It’s almost impossible for me to spend more than a few minutes online these days without becoming discouraged by all the animosity, anger, hatred, and divisiveness.
“How did we get this way?” I wonder.
An article I read in the Wall Street Journal sometime back said “to harness outrage is to discover fire” and I think quite a few people, even if subconsciously, believe that. People these days simply love being outraged, neuroscience even seems to back this up.
Part of the issue is that in the moment anger feels good, feels like the thing to do. It overrides all other moral and rational brakes in the brain because it originates from our primordial, original limbic system: the brain center of our most automatic emotions like fear and desire. The limbic system has the most direct links to our fight-or-flight response system, and that includes control over adrenaline rushes, alertness, and other instincts that prime you for battle or rapid escape.
Anyway. How can we get better?
One way we can get better, given that most of our anger is directed at those who believe differently than we do, is to realize that what we have in common far exceeds what separates us.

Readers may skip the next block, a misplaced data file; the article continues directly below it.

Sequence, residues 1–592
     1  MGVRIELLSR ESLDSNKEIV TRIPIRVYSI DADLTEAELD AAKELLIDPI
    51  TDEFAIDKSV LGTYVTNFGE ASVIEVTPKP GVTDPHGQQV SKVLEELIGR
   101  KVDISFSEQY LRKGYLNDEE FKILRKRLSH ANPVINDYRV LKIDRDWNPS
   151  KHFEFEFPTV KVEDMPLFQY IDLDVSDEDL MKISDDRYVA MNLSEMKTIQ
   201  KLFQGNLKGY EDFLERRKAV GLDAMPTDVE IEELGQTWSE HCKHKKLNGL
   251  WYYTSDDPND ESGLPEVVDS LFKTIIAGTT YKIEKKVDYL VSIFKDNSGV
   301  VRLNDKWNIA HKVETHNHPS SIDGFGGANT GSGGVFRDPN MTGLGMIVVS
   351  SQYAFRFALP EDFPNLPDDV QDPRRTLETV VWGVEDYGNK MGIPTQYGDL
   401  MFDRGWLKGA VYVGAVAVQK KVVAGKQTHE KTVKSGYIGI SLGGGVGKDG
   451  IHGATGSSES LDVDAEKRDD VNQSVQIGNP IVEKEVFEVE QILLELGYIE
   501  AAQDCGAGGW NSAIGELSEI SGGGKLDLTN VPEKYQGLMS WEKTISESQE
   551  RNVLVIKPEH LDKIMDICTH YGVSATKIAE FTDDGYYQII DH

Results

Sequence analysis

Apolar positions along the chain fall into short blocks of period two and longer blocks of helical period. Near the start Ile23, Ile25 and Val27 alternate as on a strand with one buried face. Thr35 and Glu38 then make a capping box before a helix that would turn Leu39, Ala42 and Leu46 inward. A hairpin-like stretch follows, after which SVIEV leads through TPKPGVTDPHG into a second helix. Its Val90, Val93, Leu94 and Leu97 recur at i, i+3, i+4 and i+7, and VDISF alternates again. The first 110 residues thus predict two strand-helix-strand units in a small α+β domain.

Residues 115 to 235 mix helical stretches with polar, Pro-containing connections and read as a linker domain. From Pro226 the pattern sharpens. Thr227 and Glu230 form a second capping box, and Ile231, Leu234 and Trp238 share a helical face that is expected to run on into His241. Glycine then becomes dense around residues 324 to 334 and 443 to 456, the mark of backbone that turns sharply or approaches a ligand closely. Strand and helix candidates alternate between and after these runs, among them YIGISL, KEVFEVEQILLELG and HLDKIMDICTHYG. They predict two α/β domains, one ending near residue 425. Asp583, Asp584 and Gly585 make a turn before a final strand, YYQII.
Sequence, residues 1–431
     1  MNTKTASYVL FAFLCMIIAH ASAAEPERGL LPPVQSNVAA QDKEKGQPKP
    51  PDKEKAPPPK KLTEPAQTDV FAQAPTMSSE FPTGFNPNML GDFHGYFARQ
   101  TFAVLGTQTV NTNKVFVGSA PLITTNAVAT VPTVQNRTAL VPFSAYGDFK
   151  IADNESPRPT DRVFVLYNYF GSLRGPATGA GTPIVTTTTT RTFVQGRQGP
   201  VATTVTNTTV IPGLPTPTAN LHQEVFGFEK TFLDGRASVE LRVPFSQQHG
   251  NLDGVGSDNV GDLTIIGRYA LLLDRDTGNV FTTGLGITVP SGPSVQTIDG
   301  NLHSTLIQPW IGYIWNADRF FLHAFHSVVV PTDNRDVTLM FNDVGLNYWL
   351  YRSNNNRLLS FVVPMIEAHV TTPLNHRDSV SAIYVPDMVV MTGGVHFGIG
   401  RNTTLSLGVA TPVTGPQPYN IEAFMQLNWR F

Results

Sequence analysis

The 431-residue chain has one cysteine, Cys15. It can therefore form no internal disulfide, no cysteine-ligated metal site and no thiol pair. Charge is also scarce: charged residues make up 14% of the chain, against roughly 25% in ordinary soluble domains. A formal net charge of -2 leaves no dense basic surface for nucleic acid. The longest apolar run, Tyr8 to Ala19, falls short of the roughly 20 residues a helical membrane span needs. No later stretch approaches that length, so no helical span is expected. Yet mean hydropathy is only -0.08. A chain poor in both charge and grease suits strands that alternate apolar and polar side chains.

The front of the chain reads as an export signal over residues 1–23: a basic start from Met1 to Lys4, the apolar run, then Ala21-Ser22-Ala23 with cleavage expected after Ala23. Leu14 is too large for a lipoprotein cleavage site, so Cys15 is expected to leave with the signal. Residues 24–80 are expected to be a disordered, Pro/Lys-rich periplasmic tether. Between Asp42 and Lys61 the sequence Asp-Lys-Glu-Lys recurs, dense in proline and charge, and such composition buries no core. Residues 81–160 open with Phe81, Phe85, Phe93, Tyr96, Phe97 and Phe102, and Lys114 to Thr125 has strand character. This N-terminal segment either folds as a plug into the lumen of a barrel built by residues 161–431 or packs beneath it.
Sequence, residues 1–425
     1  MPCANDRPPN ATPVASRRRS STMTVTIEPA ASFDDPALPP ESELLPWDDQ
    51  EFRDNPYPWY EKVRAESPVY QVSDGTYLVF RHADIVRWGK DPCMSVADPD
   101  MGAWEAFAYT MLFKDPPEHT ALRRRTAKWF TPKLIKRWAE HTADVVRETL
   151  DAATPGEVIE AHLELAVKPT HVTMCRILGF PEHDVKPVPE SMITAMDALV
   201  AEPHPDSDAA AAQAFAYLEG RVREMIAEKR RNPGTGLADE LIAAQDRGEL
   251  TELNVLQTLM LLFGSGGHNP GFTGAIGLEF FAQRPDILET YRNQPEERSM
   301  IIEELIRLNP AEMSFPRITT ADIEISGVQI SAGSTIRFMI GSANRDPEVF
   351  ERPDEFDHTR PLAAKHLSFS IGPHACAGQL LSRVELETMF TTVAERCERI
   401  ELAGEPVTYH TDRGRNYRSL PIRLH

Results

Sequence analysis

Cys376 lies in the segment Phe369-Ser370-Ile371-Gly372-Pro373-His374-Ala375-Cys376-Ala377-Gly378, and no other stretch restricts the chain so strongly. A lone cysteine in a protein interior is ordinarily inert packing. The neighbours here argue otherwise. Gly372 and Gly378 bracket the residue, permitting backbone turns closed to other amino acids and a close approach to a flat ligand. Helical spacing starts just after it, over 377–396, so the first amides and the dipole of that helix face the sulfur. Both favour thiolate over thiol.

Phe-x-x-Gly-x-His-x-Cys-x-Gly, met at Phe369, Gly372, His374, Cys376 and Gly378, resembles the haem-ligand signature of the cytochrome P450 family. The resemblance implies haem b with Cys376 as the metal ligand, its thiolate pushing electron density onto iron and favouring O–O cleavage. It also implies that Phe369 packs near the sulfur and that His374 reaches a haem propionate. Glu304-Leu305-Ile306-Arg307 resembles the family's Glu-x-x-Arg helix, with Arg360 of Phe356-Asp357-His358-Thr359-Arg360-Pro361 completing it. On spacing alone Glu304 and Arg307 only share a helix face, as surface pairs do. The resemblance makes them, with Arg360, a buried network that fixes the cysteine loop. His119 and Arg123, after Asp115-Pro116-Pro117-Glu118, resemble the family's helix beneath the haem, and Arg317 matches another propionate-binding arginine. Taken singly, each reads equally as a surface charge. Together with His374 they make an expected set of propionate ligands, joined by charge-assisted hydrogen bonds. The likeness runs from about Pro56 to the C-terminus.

As Christians, we should know this better than anyone. Each of us, regardless of race, socieconomic status, level of education, political ideology, even religion or a lack thereof has at least three important things in common.
We are created in the image of God (Genesis 1:27).
We are deeply rebellious and lost in our sin nature (Romans 3:23, 1 John 1:8).
Every one of us is desperately in need of a Savior (Ephesians 2:1-7).
Regardless of the differences we may have, these three foundational truths are common to every single person on the planet.
I bet you’re a lot different than many members of your own family, but somehow you manage to come together on holidays and get along. Why? Because you have something important in common. Guess what? Most of us are different racially, economically, or politically but we also have something important in common: we are all members of the human family.
What we all need to do is take an honest look at our own shortcomings before we point a finger at someone else, then adopt Jesus’ view toward those we’ve thought of in an adversarial way. Jesus was, after all, the master of counter-intuitive compassion. He famously taught, “You have heard that it was said, ‘You shall love your neighbor and hate your enemy.’ But I say to you, ‘Love your enemies and pray for those who persecute you, so that you may be sons of your Father who is in heaven’” (Matthew 5:43-45).
As Christians, we’re called to love those we previously described as our enemies. Now, let’s try to talk the talk and walk the walk by learning to love people on all sides of every issue and focusing on what we have in common rather than focusing exclusively on what might devide us.